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Natalie A. FIACCO, Respondent, v. Anthony M. FIACCO, Appellant.

Decided: March 29, 2012

Before: MERCURE, Acting P.J., LAHTINEN, SPAIN, STEIN and McCARTHY, JJ. Jeffrey K. Lapham, Troy, for appellant. Conboy, McKay, Bachman & Kendall, L.L.P., Canton (Gerald J. Ducharme of counsel), for respondent. Verner M. Ingram Jr., Potsdam, attorney for the child. Diane J. Exoo, Canton, attorney for the child.

Appeal from an order of the Supreme Court (Rogers, J.), entered June 30, 2010 in St. Lawrence County which, among other things, partially granted plaintiff's motion for an award of custody.

Plaintiff (hereinafter the mother) and defendant (hereinafter the father) are the married parents of a daughter (born in 1998) and a son (born in 2000). The parties separated in November 2008 and the mother commenced this divorce action in 2009. Supreme Court entered a temporary order giving the parties alternating weekly visitation with the son, placing the daughter primarily with the father and giving the mother alternate weekend visitation with her. After a trial on custody, the court awarded sole custody to the mother and provided alternate weekend visitation to the father.1 The father appeals.

The father was not denied the effective assistance of counsel. The father argues that he had a phone conversation attempting to hire the mother's attorney, and the father felt uncomfortable answering certain questions at trial because he thought those issues had been discussed during that conversation.2 Based on these alleged circumstances, the father now argues that his trial counsel should have objected to questioning by the mother's counsel and to Supreme Court's “hostility” as evidenced in its summary ruling that it did not believe the father regarding that conversation. When the issue arose at trial, however, the father initially stated that he felt “strange about answering these questions,” but clarified to the court that he did not have any problems answering the questions from the mother's counsel and that he was not asking to have counsel disqualified. Based on the father's statements on the record, we do not find counsel's handling of the situation to constitute ineffectiveness. Counsel called witnesses, cross-examined witnesses called by the mother and the attorneys for the children, and successfully argued against the mother's relocation request. Overall, the father received meaningful representation (see Matter of Jolynn W. v. Vincent X., 85 A.D.3d 1217, 1218–1219 [2011], lv denied 17 N.Y.3d 713 [2011]; Matter of Arieda v. Arieda–Walek, 74 A.D.3d 1432, 1434 [2010] ).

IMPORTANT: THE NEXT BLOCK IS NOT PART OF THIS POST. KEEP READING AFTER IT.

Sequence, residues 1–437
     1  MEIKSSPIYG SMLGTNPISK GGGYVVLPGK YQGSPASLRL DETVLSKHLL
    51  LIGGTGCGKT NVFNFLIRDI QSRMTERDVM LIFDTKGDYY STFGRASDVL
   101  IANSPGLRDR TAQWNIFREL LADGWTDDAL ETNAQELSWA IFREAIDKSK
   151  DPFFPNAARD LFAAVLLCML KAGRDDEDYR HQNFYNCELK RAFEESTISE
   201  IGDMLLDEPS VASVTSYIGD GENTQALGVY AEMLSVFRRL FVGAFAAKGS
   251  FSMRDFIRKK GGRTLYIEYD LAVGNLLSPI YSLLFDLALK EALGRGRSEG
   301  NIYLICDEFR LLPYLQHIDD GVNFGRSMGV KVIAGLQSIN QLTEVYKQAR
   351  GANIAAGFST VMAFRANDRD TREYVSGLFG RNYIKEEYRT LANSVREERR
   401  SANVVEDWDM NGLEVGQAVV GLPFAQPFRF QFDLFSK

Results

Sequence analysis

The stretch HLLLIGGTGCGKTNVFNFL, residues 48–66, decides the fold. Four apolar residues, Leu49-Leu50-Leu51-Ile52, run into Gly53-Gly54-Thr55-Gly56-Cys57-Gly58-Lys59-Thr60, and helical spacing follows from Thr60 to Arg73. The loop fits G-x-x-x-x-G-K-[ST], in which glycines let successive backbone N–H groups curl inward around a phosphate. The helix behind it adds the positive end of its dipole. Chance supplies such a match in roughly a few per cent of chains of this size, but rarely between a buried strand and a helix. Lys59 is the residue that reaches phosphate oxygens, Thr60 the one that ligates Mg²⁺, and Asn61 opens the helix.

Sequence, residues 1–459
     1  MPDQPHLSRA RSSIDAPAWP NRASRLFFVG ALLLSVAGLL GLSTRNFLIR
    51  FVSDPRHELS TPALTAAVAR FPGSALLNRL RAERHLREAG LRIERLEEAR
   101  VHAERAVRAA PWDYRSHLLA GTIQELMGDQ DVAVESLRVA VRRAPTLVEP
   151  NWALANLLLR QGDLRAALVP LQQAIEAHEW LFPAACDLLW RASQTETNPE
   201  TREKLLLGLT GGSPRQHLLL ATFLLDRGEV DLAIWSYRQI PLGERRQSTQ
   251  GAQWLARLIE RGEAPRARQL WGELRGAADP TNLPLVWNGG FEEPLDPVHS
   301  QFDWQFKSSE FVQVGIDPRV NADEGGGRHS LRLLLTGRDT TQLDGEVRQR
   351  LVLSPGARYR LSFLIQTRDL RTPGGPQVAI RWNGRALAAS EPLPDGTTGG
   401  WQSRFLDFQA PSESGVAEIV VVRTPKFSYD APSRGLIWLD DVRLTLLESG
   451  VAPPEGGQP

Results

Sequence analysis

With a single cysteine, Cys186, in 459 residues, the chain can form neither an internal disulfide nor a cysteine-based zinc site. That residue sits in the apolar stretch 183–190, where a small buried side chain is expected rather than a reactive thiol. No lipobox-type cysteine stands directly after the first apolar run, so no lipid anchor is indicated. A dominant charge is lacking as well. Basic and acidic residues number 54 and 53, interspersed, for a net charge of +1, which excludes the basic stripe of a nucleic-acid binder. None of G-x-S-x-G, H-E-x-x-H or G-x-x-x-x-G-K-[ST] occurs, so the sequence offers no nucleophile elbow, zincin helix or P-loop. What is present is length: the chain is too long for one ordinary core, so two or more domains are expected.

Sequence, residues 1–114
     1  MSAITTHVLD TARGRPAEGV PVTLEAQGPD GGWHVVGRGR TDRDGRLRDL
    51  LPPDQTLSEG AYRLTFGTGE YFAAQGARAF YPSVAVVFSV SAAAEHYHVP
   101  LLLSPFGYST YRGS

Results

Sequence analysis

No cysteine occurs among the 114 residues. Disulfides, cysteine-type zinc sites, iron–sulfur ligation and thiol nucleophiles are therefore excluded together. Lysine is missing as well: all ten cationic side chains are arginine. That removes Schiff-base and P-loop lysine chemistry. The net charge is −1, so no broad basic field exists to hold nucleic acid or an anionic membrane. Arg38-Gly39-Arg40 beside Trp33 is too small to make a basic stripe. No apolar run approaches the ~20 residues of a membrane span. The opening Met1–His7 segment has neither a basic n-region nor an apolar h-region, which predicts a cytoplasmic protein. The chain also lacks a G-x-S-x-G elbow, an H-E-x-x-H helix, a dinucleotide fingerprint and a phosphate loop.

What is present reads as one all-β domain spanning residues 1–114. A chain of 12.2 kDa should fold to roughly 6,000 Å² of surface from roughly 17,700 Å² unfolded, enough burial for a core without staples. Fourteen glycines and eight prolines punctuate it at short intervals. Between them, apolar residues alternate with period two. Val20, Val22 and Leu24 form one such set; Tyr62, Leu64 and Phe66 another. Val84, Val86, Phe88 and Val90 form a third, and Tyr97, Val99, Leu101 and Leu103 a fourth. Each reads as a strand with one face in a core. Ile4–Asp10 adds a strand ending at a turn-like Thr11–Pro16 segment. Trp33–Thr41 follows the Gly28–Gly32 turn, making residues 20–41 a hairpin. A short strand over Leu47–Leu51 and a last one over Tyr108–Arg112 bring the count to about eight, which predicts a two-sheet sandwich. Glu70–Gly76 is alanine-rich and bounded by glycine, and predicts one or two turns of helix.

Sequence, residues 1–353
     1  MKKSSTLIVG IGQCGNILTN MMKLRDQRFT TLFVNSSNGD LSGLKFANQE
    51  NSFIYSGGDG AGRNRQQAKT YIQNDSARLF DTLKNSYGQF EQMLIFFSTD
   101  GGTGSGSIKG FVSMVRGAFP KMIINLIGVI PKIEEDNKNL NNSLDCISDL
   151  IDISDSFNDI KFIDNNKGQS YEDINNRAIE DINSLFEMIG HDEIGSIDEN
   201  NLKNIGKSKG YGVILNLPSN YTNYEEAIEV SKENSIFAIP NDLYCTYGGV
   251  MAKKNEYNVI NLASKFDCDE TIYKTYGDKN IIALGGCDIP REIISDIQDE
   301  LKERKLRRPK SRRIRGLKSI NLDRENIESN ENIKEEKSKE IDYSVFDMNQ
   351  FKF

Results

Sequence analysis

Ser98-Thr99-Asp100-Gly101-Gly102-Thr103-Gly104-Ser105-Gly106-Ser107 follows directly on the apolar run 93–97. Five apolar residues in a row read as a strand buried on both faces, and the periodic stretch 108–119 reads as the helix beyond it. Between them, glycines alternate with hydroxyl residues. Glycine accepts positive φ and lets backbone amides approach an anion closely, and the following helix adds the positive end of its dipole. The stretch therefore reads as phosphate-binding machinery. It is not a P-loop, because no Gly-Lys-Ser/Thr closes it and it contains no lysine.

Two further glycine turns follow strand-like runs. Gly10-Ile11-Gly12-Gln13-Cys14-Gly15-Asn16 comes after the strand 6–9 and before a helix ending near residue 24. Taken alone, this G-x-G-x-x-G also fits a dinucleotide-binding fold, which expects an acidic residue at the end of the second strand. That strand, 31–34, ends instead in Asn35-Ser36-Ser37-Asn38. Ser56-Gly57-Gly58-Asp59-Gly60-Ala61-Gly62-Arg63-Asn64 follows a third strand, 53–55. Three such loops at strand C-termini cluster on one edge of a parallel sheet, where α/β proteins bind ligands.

Supreme Court's custody determination is supported by a sound and substantial basis in the record. The parties' testimony and documentary evidence, consisting of approximately 600 e-mails between them, demonstrate their animosity toward one another and that they cannot cooperate to reach decisions regarding the children, rendering joint custody inappropriate (see Williams v. Williams, 78 A.D.3d 1256, 1258 [2010] ). Despite their disagreements, both parties have been involved in their children's education and recreational activities. The court was unconvinced by testimony that the mother often drank to excess. On the other hand, the father had twice entered detoxification programs to address his dependency on prescription medications, but never completed either an in-patient or out-patient rehabilitation program. He was prescribed Vicodin by up to six different medical professionals, including over the Internet by a doctor he had never met, and was taking up to eight tablets per day. The court found that the father's substance abuse “continues to be a potential problem,” partly because he did not fully comprehend, acknowledge or address it.

The father contributed to an estrangement between the mother and daughter. He talked about child support to the children, telling them that the mother took his money and spent it on herself. Supreme Court considered, but was not required to abide by, the children's wishes (see Matter of Rivera v. LaSalle, 84 A.D.3d 1436, 1438 [2011] ). The court found that the daughter manipulated the parents and that she desired to live with the father because he was overly permissive and she enjoyed more freedom at his house. The father allowed her to wear make-up and clothing that may not have been age-appropriate, permitted her to have a Facebook page against the mother's wishes and despite the daughter having violated his rules about making the page private, and gave her a cell phone, which he encouraged her to use to call him if she ever felt “unsafe” with the mother. The father also permitted the son to drive an adult-sized four-wheeler without direct supervision and play violent video games that he acknowledged the mother would not allow. The court found, as supported by specific examples, that the father exhibited “bullying behavior” and he was more interested in being a friend to the children than a parent. Giving deference to Supreme Court's credibility assessments, we will not disturb its determination that awarding sole custody to the mother was in the children's best interests (see Hughes v. Gallup–Hughes, 90 A.D.3d 1087, 1089–1090 [2011]; Williams v. Williams, 78 A.D.3d at 1257, 1259, 911 N.Y.S.2d 209).

ORDERED that the order is affirmed, without costs.


MERCURE, Acting P.J., LAHTINEN, SPAIN and STEIN, JJ., concur.

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